Summary: Guilt can be self-inflicted. Not all guilt comes from God. And there can be times when you or I have committed a sin and we feel guilty so we pray and ask for forgiveness and we still feel guilty.
I have noticed in the last year or so that on certain menus in restaurants and on certain items in the grocery store that they now offer certain food items that are “guilt free.” This also may mean they are taste free. I mean let’s face it…sugar tastes good.
Apparently there are people who when they eat certain things they feel guilty. I am not one of those people. Maybe you are. But it brings up a couple of thoughts about this thing called guilt. (1) there are some people who suffer from an overactive conscience. They feel guilty about things when they shouldn’t. Have you ever noticed that some people beat themselves up over these things---others----it doesn’t bother them. I remember one of our teenagers telling me pastor I ate a whole package of chocolate cookies…I was like wow you’re my hero… And they didn’t feel an ounce of guilt over it. Some of us would beat ourselves up for a week if we did that.
So that brings me to the 2nd thing I want to say about guilt. Guilt can be self-inflicted. Not all guilt comes from God. And there can be times when you or I have committed a sin and we feel guilty so we pray and ask for forgiveness and we still feel guilty.
The story is told of a famous playwright in London named Noel Coward. He sent an identical anonymous letter to well-known men in London. The note said “we know what you have done. If you don’t want to be exposed, leave town. Within 6 months all ten of them moved. Now that’s a terrible prank he played on them but it sure shows the power of guilt.
This passage we are looking at today was written down by the Psalmist David. David was a good man….the Bible describes him as a “man after God’s own heart.” But, as good as David was he was far from perfect and he knew what it felt like to feel guilty. David was a shepherd boy who was chosen one day to become the King of Israel. The Bible tells us that after he became king that there came a day when his troops were out to war and David decided to stay home. Homes in that era often had a ladder of sorts attached to the house and you could climb up on top and sit and look at the stars, etc. One evening David was there and he noticed a beautiful woman named Bathsheba who was bathing. David finds her to be attractive so he calls for her to come to his palace. Now David is married and so is Bathsheba just not to each other. So an affair takes place.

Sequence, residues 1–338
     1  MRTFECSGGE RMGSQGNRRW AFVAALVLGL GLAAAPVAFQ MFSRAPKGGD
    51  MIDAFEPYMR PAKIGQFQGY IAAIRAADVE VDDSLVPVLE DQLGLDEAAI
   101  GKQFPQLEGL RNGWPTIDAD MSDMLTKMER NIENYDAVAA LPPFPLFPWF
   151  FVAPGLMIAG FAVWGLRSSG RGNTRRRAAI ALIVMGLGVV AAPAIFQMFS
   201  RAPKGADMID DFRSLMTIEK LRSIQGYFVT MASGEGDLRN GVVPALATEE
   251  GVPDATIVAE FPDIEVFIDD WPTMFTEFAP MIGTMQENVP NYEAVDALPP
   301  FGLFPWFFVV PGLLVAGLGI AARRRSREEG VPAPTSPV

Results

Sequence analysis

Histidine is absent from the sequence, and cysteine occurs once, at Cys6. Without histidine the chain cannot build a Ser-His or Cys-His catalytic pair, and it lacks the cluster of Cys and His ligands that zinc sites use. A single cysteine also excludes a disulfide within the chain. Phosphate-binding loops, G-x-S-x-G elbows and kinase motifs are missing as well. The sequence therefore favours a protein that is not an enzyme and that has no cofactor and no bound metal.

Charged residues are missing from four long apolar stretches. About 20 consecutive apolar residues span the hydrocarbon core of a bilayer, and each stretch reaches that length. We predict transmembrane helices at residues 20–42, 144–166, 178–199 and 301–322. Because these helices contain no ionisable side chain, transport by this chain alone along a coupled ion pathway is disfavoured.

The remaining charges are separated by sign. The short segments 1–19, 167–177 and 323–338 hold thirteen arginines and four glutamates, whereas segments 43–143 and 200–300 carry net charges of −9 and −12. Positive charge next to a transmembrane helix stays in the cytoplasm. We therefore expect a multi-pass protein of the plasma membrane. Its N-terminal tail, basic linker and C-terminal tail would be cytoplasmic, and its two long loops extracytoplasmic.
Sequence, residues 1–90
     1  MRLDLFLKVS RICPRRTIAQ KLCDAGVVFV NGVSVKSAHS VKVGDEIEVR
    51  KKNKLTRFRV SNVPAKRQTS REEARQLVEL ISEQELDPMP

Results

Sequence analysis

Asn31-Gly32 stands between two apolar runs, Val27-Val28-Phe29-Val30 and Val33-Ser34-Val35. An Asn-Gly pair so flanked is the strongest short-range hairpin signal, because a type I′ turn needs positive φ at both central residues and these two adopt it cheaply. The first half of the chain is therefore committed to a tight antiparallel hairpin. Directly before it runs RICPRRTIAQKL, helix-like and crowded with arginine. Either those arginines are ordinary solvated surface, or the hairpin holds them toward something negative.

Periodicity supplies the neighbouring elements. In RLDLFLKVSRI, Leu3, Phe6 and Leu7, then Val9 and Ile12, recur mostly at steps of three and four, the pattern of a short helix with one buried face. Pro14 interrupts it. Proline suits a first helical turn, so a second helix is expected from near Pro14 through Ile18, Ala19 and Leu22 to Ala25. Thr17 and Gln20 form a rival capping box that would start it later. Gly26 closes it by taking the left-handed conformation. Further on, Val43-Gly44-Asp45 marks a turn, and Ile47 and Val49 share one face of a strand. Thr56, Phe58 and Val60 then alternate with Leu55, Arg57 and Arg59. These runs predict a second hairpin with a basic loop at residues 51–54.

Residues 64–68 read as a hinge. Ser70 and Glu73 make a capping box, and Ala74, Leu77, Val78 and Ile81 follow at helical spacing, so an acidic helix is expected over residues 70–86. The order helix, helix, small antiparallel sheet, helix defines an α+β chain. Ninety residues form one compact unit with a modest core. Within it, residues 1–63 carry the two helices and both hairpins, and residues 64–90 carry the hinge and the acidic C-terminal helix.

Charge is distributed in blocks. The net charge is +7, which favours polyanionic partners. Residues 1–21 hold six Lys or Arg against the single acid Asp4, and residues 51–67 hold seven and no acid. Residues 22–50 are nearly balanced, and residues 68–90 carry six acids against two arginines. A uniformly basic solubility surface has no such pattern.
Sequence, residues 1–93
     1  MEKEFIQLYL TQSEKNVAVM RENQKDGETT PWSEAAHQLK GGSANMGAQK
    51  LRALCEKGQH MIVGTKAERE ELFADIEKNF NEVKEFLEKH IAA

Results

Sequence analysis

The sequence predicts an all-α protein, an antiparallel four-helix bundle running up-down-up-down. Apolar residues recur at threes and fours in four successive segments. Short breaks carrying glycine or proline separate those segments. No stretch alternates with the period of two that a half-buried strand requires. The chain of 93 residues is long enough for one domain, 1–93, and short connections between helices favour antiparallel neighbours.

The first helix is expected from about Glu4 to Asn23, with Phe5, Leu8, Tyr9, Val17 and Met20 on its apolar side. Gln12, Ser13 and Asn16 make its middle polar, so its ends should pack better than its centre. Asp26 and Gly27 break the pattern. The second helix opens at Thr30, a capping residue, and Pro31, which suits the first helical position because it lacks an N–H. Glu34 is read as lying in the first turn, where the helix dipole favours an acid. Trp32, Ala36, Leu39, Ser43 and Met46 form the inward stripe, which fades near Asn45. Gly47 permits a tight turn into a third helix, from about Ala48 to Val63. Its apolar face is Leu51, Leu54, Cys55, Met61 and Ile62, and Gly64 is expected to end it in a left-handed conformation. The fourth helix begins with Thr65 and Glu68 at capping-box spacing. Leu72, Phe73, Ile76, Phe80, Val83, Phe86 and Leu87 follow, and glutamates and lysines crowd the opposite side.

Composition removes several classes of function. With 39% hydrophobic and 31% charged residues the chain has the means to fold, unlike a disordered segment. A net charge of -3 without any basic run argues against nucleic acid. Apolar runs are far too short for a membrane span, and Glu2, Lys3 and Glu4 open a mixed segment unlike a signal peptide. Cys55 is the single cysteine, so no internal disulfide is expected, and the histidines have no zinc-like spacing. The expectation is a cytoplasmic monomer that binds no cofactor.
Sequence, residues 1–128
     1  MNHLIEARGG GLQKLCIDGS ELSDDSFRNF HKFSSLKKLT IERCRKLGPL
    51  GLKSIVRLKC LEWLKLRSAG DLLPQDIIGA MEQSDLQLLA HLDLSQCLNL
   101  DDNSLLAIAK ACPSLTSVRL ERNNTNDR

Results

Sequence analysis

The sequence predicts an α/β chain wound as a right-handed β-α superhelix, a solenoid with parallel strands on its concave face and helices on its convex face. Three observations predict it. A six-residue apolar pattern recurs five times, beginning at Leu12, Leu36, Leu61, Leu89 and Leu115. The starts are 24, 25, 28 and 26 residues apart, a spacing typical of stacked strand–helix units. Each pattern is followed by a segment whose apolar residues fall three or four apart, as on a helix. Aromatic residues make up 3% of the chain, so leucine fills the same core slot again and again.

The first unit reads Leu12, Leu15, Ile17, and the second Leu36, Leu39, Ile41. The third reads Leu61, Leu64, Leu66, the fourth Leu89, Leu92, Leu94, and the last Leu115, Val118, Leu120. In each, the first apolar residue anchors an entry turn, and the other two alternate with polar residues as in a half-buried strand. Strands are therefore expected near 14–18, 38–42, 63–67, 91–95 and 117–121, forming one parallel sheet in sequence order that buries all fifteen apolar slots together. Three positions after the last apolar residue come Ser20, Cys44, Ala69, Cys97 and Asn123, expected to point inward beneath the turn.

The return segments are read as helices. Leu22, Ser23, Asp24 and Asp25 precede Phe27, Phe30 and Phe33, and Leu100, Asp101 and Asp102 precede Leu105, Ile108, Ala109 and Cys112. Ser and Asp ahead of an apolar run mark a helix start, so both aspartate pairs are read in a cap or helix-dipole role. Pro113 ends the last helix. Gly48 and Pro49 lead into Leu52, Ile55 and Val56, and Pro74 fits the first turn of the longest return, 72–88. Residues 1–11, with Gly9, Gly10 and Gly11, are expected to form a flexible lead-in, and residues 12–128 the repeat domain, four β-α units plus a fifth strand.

It is not long after that, Bathsheba informs David that she is pregnant with his child. David knows he is guilty so now he figures he needs to come up with a plan as to what to do.
So he calls Bathsheba’s husband, Uriah, in from the battle field to spend the weekend with his wife. His hope is that they will have relations that weekend and then when the baby is born, Uriah will think it is his. What he didn’t consider was that Uriah, being a very faithful man, both to his wife and to the King, said “I cannot go to my wife this weekend because I will not seek pleasure while my fellow soldiers are all out fighting.”
So now he still has a problem. He has a faithful soldier and a pregnant woman. So he decides to have Uriah killed. King David sends Uriah up to the front lines of battle…by telling the captain of the army that Uriah is a traitor and he wants to put him up in the heat of battle and then pull all the other troops back. So that is exactly what happens and Uriah is then killed in battle. Now his problem is solved. He thought. You would think that everything was solved now. But there was still one problem. Guilt. Now you might want to write this down.
The Bible shows us that there is a distinct difference in being guilty and in feeling guilty.
They are not the same thing. Now David is guilty. He has committed adultery and then committed murder.
So a year passes and then what was seemingly a secret sin now is an open scandal. So God sends Nathan the prophet to speak to King David. Nathan confronts him…he says, look God knows what you have done and David, now being confronted with his guilt, falls to his face and cries out, "I have sinned!" When you read Psalm 51 you almost feel like you are walking into David’s private prayer room because this prayer is very personal…very private…as we hear him cry out: "Wash me clean from my guilt. Purify me from my sin. For I recognize my shameful deeds - they haunt me day and night."(Psalm 51:2-3 NLT)